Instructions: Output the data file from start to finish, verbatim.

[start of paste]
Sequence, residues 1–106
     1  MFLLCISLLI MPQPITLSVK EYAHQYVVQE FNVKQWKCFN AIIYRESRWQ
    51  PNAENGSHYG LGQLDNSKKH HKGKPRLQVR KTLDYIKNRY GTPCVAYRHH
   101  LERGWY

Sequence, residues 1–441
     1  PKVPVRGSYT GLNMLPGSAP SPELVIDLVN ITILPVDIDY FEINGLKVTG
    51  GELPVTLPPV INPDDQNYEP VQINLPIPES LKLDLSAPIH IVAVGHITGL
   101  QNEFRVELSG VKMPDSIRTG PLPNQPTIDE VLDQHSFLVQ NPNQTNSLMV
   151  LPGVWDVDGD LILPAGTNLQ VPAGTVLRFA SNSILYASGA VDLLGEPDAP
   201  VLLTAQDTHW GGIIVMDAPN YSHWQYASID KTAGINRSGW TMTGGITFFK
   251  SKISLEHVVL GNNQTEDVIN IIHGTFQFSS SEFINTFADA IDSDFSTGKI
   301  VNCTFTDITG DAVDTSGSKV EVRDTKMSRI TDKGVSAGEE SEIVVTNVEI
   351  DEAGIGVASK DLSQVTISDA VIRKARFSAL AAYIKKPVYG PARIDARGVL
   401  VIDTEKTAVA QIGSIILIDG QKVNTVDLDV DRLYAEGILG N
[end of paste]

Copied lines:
Sequence, residues 1–106
     1  MFLLCISLLI MPQPITLSVK EYAHQYVVQE FNVKQWKCFN AIIYRESRWQ
    51  PNAENGSHYG LGQLDNSKKH HKGKPRLQVR KTLDYIKNRY GTPCVAYRHH
   101  LERGWY

Sequence, residues 1–441
     1  PKVPVRGSYT GLNMLPGSAP SPELVIDLVN ITILPVDIDY FEINGLKVTG
    51  GELPVTLPPV INPDDQNYEP VQINLPIPES LKLDLSAPIH IVAVGHITGL
   101  QNEFRVELSG VKMPDSIRTG PLPNQPTIDE VLDQHSFLVQ NPNQTNSLMV
   151  LPGVWDVDGD LILPAGTNLQ VPAGTVLRFA SNSILYASGA VDLLGEPDAP
   201  VLLTAQDTHW GGIIVMDAPN YSHWQYASID KTAGINRSGW TMTGGITFFK
   251  SKISLEHVVL GNNQTEDVIN IIHGTFQFSS SEFINTFADA IDSDFSTGKI
   301  VNCTFTDITG DAVDTSGSKV EVRDTKMSRI TDKGVSAGEE SEIVVTNVEI
   351  DEAGIGVASK DLSQVTISDA VIRKARFSAL AAYIKKPVYG PARIDARGVL
   401  VIDTEKTAVA QIGSIILIDG QKVNTVDLDV DRLYAEGILG N